Sensory Integration Therapy

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Additionally although it is acknowledged that concepts of sensory integration theory are included in undergraduate Occupational Therapy education, in order to practice and utilise sensory integration therapy, advanced post graduate training is required (Bundy and Murray 2002). For occupational therapist in Ireland, the recommended competency level is to have completed and received accreditation in module 1 and 2/3 of the SI Network UK and Ireland or an equivalent. In contrite the literature pertaining to multi-sensory rooms does not reference a specific training required to use multi-sensory rooms. This is an important finding as it highlights the professional standard implications of individuals not trained in sensory integration therapy completing…show more content…
Baranek (2002) argues that sensory integration therapy lacks feasibility and anti-inclusive nature of deliver undermines the philosophy of special education. Gilman (2005) supports this by proposing that ‘true sensory integration therapy can only occur in a specialised clinical environment’ (pp. 213). This is due to the fact that classic sensory integration therapy requires adequate space and equipment that is set up properly (e.g. suspended equipment, balls and crash pads) as well a trained therapists to carry out the therapy. One of core principles of sensory integration therapy is that environment must be enticing, safe and client-directed. This led Gilman (2005) to conclude that ‘it is difficult for an occupational therapist in an educational setting to provided sensory integration therapy due to the set up and space limitation in school systems’ (pp. 205). Sensory based strategies have been identified as a more feasible interventions in school (Baranek, 2002). Additionally Pagliano (1998) stated that multi-sensory rooms have transformed from an autonomous space where individuals chose what to interact with to a one that is led and directed by teachers. This is opposed to the child led philosophy on sensory integration…show more content…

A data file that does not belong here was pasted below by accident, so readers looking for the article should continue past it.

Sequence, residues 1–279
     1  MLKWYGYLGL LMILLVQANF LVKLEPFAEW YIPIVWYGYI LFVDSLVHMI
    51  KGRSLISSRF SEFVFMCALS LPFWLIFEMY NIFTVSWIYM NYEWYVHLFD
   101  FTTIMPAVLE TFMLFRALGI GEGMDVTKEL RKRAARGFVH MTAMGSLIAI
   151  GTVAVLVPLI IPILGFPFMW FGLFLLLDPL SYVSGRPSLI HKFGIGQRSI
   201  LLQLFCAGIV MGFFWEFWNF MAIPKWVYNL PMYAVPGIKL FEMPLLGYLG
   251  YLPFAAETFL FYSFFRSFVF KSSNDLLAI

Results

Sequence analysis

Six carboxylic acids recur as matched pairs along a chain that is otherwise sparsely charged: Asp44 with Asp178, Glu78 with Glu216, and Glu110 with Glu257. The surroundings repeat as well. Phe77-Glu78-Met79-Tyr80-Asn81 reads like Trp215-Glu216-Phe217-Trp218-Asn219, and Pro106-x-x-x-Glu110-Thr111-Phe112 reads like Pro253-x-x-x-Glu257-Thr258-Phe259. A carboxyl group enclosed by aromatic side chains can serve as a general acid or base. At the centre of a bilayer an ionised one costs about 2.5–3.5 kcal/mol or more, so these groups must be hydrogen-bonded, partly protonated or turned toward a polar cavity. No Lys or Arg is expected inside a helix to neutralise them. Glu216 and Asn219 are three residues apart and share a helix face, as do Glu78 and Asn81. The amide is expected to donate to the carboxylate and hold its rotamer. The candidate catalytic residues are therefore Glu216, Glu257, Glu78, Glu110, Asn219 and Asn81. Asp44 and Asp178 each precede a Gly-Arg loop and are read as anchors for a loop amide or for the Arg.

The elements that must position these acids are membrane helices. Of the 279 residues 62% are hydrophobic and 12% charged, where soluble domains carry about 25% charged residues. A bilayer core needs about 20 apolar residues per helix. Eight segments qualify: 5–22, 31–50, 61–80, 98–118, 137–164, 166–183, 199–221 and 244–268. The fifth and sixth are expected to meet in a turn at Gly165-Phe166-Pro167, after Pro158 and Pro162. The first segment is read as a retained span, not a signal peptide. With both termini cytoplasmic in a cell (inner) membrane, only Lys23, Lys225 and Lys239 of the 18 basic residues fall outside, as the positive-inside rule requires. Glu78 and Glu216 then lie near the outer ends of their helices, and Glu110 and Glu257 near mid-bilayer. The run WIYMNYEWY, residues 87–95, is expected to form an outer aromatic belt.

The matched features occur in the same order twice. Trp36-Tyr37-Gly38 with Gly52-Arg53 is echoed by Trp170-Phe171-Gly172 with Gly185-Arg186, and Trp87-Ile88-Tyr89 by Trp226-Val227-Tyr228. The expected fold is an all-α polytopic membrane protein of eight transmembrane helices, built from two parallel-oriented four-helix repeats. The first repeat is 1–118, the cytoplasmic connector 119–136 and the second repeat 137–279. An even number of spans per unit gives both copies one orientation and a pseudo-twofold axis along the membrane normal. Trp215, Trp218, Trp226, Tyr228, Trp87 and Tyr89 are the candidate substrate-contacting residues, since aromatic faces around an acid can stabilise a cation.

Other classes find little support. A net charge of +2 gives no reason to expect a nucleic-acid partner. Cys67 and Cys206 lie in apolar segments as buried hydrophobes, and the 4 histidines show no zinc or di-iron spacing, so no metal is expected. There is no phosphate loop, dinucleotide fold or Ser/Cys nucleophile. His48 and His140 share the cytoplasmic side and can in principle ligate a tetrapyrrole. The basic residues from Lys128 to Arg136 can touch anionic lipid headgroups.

The top three source of information included (i) other schools that had multi-sensory environments (ii) teachers in the school and (iii) suppliers of the multi-sensory equipment. In this study, Carter and Stephenson state that’s school reliance on equipment suppliers is concerning as by definition they are looking to sell products, appropriate or inappropriate irrespective of safety and training requirements. Carter and Stephenson (2011) advocate for the input of Occupational Therapists when designing rooms specifically due to their knowledge in sensory integration. Stadele and Malaney (2009) highlight that Occupational therapy professionals are leaders in developing and promoting multi-sensory environments. Therapists use multi-sensory environment to both relax and stimulate the individual with a disability, making assessment and treatment easier and more successful. Pagliano (1999) reasserts this by stating “The occupational therapist needs to play a foundation role in the initial design and construction of the MSE in order to ensure that the environment is designed to maximize opportunities for learning and development of functions and skills necessary for daily living”

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